Every year I read Peter Drucker’s classic article, “Managing Oneself” as part of my personal-professional navigation process. His “simply powerful” questions help me reorient on my true north and rethink my priorities.
If you are a subscriber to Harvard Business Review’s online library, read the article. If not, do yourself a big $8.95 favor that will pay dividends a thousand times over and buy a copy.
The article is arguably more relevant in today’s world than when it was written—a testament to Drucker’s long-range view on people, management, and society.
Drucker’s five key questions in “Managing Oneself” are these:
- What are my strengths?
- How do I work (learn)?
- What are my values?
- Where do I belong?
- What can I contribute?
I love these questions for their simplicity and power. They are the ultimate tools in cutting through the noise in our minds about ourselves. Use these questions to help you reorient and refocus.
If things aren’t working right for you in your position or career, chances are, you are out of alignment with the true answers to one or more of Drucker’s questions.
I regularly see people working in areas and in roles that fail to draw upon their unique skills . . . their superpowers. They struggle.
Others fail to tune-in to and live their values.
And sadly, many others struggle to find ways to contribute that reflect themselves at their best.
You Cannot Fight “You” and Win
Every one of my REINVENT career coaching clients works through these and related questions before we spend a single minute talking about what it is they might do next.
And they all wonder why they’re spending time looking inward until suddenly, they understand the power of knowing themselves.
You cannot be successful in any phase of your life unless you understand yourself.
For those of you navigating career progression and not reinvention, particularly anyone in a management or leadership role, your diligence in exploring the answers to Drucker’s questions will be rewarded with both satisfaction and success.
Choose to ignore what drives you and where and how you thrive, and this state of dissonance will breed dissatisfaction and less than optimal performance.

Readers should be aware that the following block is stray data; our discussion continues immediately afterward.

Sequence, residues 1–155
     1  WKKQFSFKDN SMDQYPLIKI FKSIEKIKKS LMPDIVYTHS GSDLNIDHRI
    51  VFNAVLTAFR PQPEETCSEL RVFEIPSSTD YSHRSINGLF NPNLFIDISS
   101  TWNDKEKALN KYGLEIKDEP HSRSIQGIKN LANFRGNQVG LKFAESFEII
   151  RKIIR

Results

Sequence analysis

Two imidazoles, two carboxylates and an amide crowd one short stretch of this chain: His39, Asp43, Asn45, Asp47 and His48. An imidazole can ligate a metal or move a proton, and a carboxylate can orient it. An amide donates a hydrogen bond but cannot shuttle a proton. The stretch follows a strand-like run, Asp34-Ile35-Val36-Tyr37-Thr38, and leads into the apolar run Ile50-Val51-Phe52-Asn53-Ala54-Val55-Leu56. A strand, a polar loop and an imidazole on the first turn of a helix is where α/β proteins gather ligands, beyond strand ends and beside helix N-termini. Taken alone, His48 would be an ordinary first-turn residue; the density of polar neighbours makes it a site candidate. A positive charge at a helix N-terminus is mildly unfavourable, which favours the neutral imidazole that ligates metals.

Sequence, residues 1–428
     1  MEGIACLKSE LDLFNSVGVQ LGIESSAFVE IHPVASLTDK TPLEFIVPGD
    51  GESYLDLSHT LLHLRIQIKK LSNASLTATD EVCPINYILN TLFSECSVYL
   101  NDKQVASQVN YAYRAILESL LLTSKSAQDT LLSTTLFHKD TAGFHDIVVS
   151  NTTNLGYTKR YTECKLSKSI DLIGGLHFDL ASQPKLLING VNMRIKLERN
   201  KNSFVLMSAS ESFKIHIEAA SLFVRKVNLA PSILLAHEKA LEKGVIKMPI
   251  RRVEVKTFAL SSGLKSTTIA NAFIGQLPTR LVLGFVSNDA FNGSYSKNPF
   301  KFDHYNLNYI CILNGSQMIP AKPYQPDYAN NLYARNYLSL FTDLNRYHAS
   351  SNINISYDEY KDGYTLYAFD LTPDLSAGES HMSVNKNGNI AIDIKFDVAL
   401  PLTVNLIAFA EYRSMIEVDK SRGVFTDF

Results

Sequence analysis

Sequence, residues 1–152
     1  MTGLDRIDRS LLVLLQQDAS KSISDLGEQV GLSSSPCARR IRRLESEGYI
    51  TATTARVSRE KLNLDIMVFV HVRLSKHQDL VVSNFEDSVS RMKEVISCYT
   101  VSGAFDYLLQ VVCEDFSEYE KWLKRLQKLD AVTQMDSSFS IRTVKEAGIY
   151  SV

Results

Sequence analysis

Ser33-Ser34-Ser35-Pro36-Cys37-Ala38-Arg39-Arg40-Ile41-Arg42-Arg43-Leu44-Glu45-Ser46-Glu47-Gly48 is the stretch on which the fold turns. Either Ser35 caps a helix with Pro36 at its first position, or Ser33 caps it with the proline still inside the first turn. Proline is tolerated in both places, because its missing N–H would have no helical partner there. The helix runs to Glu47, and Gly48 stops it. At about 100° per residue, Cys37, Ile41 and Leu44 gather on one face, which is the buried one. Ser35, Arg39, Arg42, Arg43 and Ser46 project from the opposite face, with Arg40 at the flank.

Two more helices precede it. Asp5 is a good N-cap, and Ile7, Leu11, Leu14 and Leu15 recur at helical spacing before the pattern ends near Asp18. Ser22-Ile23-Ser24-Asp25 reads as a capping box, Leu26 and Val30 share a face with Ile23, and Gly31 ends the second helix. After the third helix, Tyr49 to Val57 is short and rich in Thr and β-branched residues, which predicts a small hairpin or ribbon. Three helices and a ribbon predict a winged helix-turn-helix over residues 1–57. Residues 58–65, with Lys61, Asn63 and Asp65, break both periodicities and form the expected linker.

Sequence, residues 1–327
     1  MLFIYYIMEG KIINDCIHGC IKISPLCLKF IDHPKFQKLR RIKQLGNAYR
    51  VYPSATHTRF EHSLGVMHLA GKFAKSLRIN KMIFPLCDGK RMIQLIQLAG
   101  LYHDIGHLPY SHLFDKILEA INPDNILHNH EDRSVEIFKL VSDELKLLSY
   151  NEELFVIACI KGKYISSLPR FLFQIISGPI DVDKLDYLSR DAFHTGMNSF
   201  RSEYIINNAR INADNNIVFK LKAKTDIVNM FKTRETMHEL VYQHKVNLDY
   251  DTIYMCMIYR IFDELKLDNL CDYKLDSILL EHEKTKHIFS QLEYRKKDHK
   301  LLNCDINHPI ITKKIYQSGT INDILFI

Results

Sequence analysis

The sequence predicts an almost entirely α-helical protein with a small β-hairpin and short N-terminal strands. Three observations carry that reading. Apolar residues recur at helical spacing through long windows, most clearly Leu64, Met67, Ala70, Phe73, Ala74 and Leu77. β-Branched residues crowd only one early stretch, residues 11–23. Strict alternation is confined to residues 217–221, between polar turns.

You cannot fight “you” and win in the long-term.
With a nod to the genius that was Drucker and the wisdom he left us in this article and his body of work, I do want to add a second set of questions—a subset—that merit consideration given the context of the world today. These include:
- What am I doing to learn?
- How hard am I working at rethinking and reframing?
- How am I doing embracing and adapting to change?
- Am I minding the right gap?
- How am I impacting others?
- How am I doing?
1. What am I doing to learn?
Drucker makes the case in the article that learning in our world is a core task for survival and success. With this question, I want you to describe precisely what you are doing to learn and grow and challenge your assumptions. Sadly, most professionals are on autopilot or at best, are passive learners, soaking up what swims by, but not seeking out new knowledge.
2. How hard am I working at rethinking and reframing?
Yesterday’s assumptions are the seeds of tomorrow’s obsolescence. Most of us operate with hard-wired views of the world. That’s a prescription for disaster. What help are you getting and how disciplined are you in both challenging your assumptions and frames and asking others to challenge you?
3. How am I doing embracing and adapting to change?
Change is the verb-outcome of learning and rethinking. It’s the application of the ideas, and it’s easy to talk big about change while actually avoiding the heavy lifting.
4. Am I minding the right gap?
With a nod to Linda Hill at Harvard, most of us focus on closing the gap between What Is and What Should Be. The most effective of us seek to close the gap between What Is and What Can Be.
5. How am I impacting others?
I’ve written at length about how our actions in the present define the backstories for those we touch. The most effective professionals tune-in to how their behaviors and approaches impact others. Of course, to do this, you need to ask for input from those around you.
6. How am I doing?
This may be my favorite question of all. Gaining honest, unfiltered input is never easy, but it’s worth the effort if you listen and act. Start asking today, and start acting on the input. What starts out as an awkward exercise with less than complete feedback will become comfortable and transparent over time.
I’ve always been a fan of managing what we can control in our lives and careers. In our careers, it turns out that “managing oneself” is the ultimate controllable and the ultimate key to our growth and success.
Art Petty is a coach and consultant working with executives and management teams to unlock business and human potential. He writes the Leadership Caffeine blog.